Blondie as a news anchor is reporting on a cyberattack on the CIA (hence the title).
This comic is a reference to the attacks by a group briefly known as LulzSec, which was a splinter group from the internet community known as Anonymous, also featured in 834: Wikileaks. In the back of the news report in frame one is the logo that was used by LulzSec. The group was able to publicize several high profile attacks. They were able to briefly take down the CIA website using a DDoS attack. DDoS stands for Distributed Denial of Service in which the attacker uses many computers to send traffic to a host and render it incapable of answering requests from any other computer, effectively taking the site down.
This comic is pointing out the difference between what lay-people (Ponytail) and the computer expert (Megan) hear when seeing a story like this. Most people may think there is no boundary between the CIA website and its internal network, and conclude hackers compromised the USA intelligence service's most precious data, which would be an incredible display of incompetence by the CIA and would have some pretty obvious negative side effects for CIA assets around the world.
Computer experts, on the other hand, may compare the CIA website to a company's poster, so the damage done is much different and less harmful: the CIA's public relation capacities are hindered for a few hours. The damage from a DDoS is less a catastrophic compromise of valuable federal databases, and more like flash mob crowding in the lobby of the CIA offices, making life mildly inconvenient.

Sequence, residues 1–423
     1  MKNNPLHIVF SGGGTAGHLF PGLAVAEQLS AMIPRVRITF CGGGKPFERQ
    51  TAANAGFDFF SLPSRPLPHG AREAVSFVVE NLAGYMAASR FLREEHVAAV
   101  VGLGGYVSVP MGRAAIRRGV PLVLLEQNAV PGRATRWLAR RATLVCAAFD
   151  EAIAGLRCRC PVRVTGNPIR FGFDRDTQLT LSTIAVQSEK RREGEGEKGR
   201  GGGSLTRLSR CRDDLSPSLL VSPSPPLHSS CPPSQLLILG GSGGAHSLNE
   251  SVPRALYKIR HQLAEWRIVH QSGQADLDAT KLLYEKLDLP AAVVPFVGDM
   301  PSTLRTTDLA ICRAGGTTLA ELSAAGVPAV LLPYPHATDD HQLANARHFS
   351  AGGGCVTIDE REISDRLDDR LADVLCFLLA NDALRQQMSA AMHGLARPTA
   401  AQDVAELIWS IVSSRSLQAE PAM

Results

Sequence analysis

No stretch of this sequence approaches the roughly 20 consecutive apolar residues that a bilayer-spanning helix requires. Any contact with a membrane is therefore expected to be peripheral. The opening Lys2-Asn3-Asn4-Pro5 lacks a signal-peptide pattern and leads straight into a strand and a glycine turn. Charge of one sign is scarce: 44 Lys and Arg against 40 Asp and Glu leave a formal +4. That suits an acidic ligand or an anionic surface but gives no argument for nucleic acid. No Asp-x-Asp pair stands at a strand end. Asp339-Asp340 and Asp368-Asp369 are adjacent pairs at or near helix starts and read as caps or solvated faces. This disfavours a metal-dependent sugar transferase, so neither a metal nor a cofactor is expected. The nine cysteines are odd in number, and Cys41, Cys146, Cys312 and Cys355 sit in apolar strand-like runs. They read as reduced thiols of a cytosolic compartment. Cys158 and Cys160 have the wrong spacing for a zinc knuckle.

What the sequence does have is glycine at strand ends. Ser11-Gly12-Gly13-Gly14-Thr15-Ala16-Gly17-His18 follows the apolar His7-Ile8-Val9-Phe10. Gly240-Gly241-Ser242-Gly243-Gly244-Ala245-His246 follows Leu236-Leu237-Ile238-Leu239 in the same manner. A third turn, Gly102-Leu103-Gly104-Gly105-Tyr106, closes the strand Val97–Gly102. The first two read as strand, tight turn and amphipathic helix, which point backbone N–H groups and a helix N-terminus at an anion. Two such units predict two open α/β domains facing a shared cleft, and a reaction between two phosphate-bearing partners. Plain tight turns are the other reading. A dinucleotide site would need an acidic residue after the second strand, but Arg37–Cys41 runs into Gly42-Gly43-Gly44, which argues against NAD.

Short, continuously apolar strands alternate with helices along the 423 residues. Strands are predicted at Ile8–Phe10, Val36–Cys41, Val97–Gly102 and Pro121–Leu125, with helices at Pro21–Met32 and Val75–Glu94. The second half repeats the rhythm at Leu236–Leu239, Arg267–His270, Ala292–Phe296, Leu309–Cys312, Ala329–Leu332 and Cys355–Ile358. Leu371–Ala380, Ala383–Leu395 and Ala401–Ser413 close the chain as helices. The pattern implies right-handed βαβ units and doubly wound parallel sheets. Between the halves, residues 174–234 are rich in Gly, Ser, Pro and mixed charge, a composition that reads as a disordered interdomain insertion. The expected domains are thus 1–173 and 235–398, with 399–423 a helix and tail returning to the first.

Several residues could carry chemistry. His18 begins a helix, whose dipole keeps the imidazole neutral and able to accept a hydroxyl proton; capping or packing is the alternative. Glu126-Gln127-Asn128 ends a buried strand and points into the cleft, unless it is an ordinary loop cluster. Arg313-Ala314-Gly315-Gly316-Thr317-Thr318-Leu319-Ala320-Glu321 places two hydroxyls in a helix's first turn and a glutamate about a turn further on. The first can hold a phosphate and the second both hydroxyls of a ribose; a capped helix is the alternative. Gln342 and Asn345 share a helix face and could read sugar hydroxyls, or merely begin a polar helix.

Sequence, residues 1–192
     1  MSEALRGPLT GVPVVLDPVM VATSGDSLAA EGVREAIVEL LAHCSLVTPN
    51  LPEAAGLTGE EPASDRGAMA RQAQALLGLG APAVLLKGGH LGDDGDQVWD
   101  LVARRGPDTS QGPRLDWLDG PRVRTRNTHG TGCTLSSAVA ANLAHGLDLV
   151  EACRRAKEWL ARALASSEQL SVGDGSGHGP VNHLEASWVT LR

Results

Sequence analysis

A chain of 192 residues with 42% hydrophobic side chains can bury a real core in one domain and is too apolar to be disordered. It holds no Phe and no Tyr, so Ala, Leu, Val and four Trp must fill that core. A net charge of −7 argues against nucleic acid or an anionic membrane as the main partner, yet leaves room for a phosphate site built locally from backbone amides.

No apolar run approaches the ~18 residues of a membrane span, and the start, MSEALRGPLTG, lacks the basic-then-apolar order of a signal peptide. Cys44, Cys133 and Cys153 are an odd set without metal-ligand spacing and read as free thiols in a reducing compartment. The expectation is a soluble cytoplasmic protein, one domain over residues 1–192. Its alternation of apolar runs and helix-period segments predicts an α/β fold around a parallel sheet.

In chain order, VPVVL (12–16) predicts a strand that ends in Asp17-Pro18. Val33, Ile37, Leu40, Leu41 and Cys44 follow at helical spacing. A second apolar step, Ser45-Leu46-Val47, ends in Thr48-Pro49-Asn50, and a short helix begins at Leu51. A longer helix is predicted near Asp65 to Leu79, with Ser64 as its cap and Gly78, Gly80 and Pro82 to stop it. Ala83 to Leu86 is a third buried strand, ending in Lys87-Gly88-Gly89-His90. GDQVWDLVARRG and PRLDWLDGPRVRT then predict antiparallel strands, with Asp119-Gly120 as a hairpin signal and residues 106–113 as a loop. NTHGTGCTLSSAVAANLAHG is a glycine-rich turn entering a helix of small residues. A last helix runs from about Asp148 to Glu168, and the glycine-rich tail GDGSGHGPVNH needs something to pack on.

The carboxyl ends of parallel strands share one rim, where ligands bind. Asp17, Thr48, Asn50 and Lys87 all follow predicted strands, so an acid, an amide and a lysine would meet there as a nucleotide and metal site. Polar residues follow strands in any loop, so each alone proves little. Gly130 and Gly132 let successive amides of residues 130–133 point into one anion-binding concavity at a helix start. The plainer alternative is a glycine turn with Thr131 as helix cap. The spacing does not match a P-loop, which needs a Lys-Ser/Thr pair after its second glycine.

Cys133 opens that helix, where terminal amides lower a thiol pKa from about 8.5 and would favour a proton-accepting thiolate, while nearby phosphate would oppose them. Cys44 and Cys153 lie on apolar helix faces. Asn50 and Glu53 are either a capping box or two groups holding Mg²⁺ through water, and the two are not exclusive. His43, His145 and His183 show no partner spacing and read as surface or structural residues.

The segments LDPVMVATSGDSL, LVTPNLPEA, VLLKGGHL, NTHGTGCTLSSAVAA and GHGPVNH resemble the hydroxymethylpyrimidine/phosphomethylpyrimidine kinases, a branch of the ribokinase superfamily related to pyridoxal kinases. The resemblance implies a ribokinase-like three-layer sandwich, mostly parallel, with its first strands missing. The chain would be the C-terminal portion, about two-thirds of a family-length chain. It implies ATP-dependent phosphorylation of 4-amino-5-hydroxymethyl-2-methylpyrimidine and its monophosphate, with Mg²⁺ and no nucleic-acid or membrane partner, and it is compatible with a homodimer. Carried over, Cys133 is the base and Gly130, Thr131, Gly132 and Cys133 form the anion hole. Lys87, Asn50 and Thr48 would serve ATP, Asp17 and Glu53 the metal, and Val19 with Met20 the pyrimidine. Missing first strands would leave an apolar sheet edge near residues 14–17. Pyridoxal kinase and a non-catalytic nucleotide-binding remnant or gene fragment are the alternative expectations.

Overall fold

One particularly humorous and possibly unintended aspect of this is that "People" and "Computer experts" are listed separately, implying that computer experts are not people. Randall probably meant "lay-people" rather than people.
The title text is a transcript of a made up news report. A story similar to the attack is illustrated using old technology. This attempts to demonstrate how silly the news coverage of the real event is. The recruiting poster refers to the CIA website, as it is a PR tool with no connection to sensitive information. It being ten feet high refers to the fact that that the website is open to the public and has limited protections (as danger from a compromised site is low). The ladder technology refers to the DDoS attack, as these attacks are primitive, but possibly well coordinated. The plexiglass poster covers refer to website security tools that may be added to deter future vandalism.
- [A television is showing Blondie as a news anchor. The inset picture of the news shows the logo of LulzSec, a man wearing a monocle and top hat.]
- Blondie: Hackers briefly took down the website of the CIA yesterday...
- [Ponytail, sitting in an armchair, is watching a television (seen from the side) standing on a table hearing what Blondie says as indicated with a zigzag line from the TV. Above the top part of the frame is a smaller frame with a label:]
- What people hear:
- Blondie (not shown from the TV): Someone hacked into the computers of the CIA!!
- [Megan, sitting in an armchair, is watching a television (seen from the side) standing on a table hearing what Blondie says as indicated with a zigzag line from the TV. Above the top part of the frame is a smaller frame with a label:]
- What computer experts hear:
- Blondie (not shown from the TV): Someone tore down a poster hung up by the CIA!!
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Hey, Lulzsec was awesome. They released free passwords for porn websites on the internet! I'm sitting on 150 gigabytes of gold and pleasure, and it's all thanks to them. Davidy²²[talk] 09:16, 9 March 2013 (UTC)
- what the heck? youtube.com/watch?v=miLcaqq2Zpk (talk) 09:50, 28 March 2022 (UTC)
Apparently computer experts are not a subset of people... 22.214.171.124 21:48, 12 May 2014 (UTC)
- Good point. Randall made a mistake. Let's just say it's another hidden joke! 126.96.36.199 (talk) (please sign your comments with ~~~~)